New York City is the 5th most visited city in the world, so I think it’s fair to include some sage advice from a New York native every now and then.
What makes one a native, you ask? It’s when you reach this moment of realization described by John Updike: The true New Yorker secretly believes that people living anywhere else have to be, in some sense, kidding.
Also, I’ve lived here for just a little over 16 years. Admitting that makes me feel really old.
New Yorkers have a bad reputation for being rude, cold, direct, unfriendly, and blunt. Which is true. But mostly it’s only true because you’re in the way and we’re in a hurry. It’s also not true and here’s a great example of why.
Yesterday, I got off the subway and headed toward the gym, heavy gym bag slung over my shoulder. It was a bit rainy, but nothing serious. I was wearing these boots that are a bit slippery–although I will never understand why any shoe maker would make BOOTS that have a slippery heel, aren’t boots meant for inclement weather?!
So a bit of rain, plus my slippery boots, plus my head in the clouds resulted in me first slipping on the wet pavement and then me tripping gracelessly over my own feet until I came crashing down so hard on the pavement that I literally bounced. Bounced!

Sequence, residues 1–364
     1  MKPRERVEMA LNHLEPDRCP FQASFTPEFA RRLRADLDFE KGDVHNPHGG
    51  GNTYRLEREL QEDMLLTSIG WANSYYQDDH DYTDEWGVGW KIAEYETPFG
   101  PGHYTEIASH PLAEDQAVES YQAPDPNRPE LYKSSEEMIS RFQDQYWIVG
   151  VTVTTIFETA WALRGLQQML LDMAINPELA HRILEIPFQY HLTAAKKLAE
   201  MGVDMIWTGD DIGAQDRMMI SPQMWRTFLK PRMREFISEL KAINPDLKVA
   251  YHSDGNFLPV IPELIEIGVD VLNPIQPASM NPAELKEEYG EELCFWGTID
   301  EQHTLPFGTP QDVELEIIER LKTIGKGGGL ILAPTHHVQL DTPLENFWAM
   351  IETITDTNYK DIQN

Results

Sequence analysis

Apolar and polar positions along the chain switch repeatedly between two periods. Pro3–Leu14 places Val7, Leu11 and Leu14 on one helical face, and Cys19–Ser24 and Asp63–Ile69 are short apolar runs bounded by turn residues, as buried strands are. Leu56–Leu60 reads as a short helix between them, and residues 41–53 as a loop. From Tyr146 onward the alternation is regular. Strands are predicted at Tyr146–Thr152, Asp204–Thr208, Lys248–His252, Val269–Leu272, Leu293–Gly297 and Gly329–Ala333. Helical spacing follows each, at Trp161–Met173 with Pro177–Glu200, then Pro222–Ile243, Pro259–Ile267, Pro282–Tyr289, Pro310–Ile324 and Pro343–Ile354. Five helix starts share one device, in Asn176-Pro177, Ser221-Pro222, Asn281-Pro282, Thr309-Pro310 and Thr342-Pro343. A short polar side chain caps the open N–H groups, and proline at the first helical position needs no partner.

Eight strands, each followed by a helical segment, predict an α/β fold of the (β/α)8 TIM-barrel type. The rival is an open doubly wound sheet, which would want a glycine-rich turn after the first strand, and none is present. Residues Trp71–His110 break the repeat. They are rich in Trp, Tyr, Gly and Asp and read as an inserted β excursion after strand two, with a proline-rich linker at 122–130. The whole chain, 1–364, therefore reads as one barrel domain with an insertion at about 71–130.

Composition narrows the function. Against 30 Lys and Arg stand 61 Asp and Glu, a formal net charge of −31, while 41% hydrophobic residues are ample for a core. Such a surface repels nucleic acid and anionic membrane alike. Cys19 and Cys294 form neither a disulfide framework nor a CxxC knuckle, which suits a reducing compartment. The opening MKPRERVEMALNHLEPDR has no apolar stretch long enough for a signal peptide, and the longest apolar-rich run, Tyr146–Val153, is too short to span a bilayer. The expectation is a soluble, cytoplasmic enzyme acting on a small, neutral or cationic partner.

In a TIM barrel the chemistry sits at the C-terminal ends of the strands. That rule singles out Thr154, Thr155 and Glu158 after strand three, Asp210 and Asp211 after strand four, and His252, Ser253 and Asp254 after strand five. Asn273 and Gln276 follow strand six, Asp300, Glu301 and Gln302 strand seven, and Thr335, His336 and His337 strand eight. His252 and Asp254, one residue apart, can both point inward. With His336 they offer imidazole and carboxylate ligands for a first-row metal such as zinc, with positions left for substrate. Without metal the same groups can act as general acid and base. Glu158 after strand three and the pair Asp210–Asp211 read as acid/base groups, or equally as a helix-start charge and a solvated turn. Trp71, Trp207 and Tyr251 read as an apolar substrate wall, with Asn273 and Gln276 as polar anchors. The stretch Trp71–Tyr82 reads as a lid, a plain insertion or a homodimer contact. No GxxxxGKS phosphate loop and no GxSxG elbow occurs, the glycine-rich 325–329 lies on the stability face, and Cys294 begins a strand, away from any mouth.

As my gym bag went flying off to the right all I heard behind me were loud gasps of “OH MY GOD!” and “OH NO!” I could even imagine what I must have looked like falling for absolutely NO REASON. Thankfully I was wearing a large puffy jacket (I’m so over you, Winter) and it somewhat cushioned my fall. Somewhat.
As I was attempting to pick myself up off the ground as quickly as I could, two teenage boys (that looked like the kind of kids that would be shot in Florida) stopped and immediately tried to help me up, and were all, “You okay, ma’am?”
“I’m okay, I’m totally fine…thank you so much, I’m fine,” but I wanted to crawl in a hole and hide forever. And also, when did people start calling me ma’am??
I instantly decided that the gym was just not going to happen, and changed direction and started walking home instead. A really nice, older homeless guy started walking down the block with me and said, “Honey, don’t be embarrassed, we all fall down sometimes…you’ll be okay.”
I didn’t know if I should laugh or cry, I probably did a little of both. Then I went home and ordered Thai food and watched really really bad tv.
See, New Yorkers, they’re nice people. When you fall, they pick you up and they tell you it’s going to be okay.